Science Comics: Dinosaurs: Feathers and Fossils
by MK Reed and Joe Flood (First Second, 2016)
Dinosaurs: Feathers and Fossils was one of the first two books in First Second’s Science Comics series. Author MK Reed is the author of several graphic novels, including Americus, The Cute Girl Network, and Science Comics: Wild Weather, as well as a number of shorter works. Artist Joe Flood’s work has included The Cute Girl Network (with MK Reed), the Pirates of the Caribbean series, and Science Comics: Sharks.
The book contextualizes information about dinosaurs chronologically as a history of paleontology. In this sense, Dinosaurs is as much about the process of scientific discovery and ways of knowing as about dinosaurs themselves. In the prologue, Leonard Finkelman, Assistant Professor in Philosophy of Science at Linfield College writes, “Reading their stories teaches us not only about how dinosaurs lived, but also how we live.” With each new historical time period in the book, the authors provide a brief overview of understandings of dinosaurs of the time:
In the year 1800…
The Earth is 6,006 years old.
Dinosaurs are known as monsters.
They lived a few thousand years ago.
They disappeared because of Noah’s flood.
There are no examples of dinosaurs living at this time.
We are certain about all of this.
The last section of the book begins with the dawn of the 21st Century:
In the year 2000…
The Earth is 4.5 million years old.
Dinosaurs are known as extinct reptilian ancestors of birds.
They lived 25,065 million years ago.
They disappeared because an asteroid impact devastated their ecology.
There are descendants of dinosaurs living today.
We are pretty sure about all of this.
In depicting the development of scientific discovery and paleontological knowledge, debunked theories are explained and illustrated as part of the story, so these misconceptions can be understood within the historical context and understandings of the time. For example, partial skeletons meant early discoveries of Iguanodon led researchers at the time to think the animal’s claw was a horn. The book also illustrates human shortcomings as well, such as the “Fossil Wars” between Othniel Marsh and Edward Drinker Cope. Dinosaurs: Fossils and Feathers playfully pokes fun at the modern (but historically-rooted) idea that feathered dinosaurs aren’t “cool” or “scary.” A feathered Tyrannosaurus laments “Aw, I used to look to tough!” To which a Velociraptor replies, “You’re still totally fierce.”
The evolving nature of our collective understanding of dinosaurs is further illustrated by the last page of the book, which addresses the case of Brontosaurus, which was up for debate during the writing of the book. The authors explain that in 1903 Brontosaurus had its status revoked and was renamed Apatosaurus excelsus, which it remained until April 2015. But, “A lengthy reexamination of the different species of Apatosaurus led researchers to conclude that there were enough differences to make Brontosaurus its own genus again, weeks before this book was due at the printer.”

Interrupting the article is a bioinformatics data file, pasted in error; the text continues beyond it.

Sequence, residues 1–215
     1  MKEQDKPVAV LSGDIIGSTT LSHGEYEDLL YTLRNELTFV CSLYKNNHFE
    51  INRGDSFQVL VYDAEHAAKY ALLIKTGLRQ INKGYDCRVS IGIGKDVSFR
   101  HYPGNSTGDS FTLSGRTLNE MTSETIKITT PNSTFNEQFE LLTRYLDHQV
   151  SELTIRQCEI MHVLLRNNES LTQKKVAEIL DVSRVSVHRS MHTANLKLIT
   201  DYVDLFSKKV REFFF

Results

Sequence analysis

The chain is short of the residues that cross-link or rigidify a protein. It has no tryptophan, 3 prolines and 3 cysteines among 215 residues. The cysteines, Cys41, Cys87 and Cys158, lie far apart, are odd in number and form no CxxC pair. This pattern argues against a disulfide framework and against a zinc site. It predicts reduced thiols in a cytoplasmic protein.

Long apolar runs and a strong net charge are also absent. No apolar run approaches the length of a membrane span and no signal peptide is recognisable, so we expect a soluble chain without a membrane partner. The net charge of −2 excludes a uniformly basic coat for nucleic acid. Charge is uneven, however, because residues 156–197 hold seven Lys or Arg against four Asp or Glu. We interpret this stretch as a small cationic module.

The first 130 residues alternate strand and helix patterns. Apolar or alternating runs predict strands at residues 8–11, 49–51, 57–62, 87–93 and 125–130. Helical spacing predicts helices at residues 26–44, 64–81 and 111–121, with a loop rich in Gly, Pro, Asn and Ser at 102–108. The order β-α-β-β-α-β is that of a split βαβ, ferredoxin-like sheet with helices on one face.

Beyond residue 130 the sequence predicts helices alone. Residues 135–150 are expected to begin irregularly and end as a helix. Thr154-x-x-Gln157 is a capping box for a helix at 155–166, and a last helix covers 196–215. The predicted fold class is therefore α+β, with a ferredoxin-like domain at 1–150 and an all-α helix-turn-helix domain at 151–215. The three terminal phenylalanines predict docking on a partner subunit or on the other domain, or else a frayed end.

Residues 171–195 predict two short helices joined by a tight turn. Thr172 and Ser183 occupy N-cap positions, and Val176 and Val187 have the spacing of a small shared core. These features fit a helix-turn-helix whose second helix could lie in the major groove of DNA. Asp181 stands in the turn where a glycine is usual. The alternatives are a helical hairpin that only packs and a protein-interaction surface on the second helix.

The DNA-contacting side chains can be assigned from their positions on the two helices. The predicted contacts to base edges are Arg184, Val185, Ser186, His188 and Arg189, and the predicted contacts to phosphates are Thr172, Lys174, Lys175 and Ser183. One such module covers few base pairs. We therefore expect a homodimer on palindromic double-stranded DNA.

As mentioned, the book depicts humans’ relationships to dinosaurs through the process of scientific discovery, but also in relationship to mythology — dragons, griffin, the cyclops — as well as familiar extant animals. In explaining the diet of herbivores, illustrated as sauropods, the digestion process involving gastroliths (gizzard stones) is compared to the behavior of modern birds, and specifically ostriches. Archaeopteryx, similar in stature and color to a modern raven, is illustrated along side his modern companion. In explaining the nesting behavior of sauropods, the book explains that fossil evidence shows that baby maiasaurs were being fed by their parents, and that their eyes and nostrils were relatively larger than adults, explained as “cuteness” which happens in animals raised by their parents. In the 20th Century section of the book, the text explains that “We assumed that because dinosaurs were reptilian, they left their eggs behind like reptiles. But we kept uncovering more and more similarities with birds. They had similar bones. And feet. They lay eggs in nests, and used gastroliths in their stomach to help break up food. And it was really easy to see a link between a small theropod like Velociraptor and a crane or ostrich” (p. 85). By linking and comparing dinosaurs to extant animals, the creators allow young readers to make meaningful connections. Notably, these connections to modern animals also help in representing dinosaurs themselves as once living animals, rather than as monsters or mythological creatures.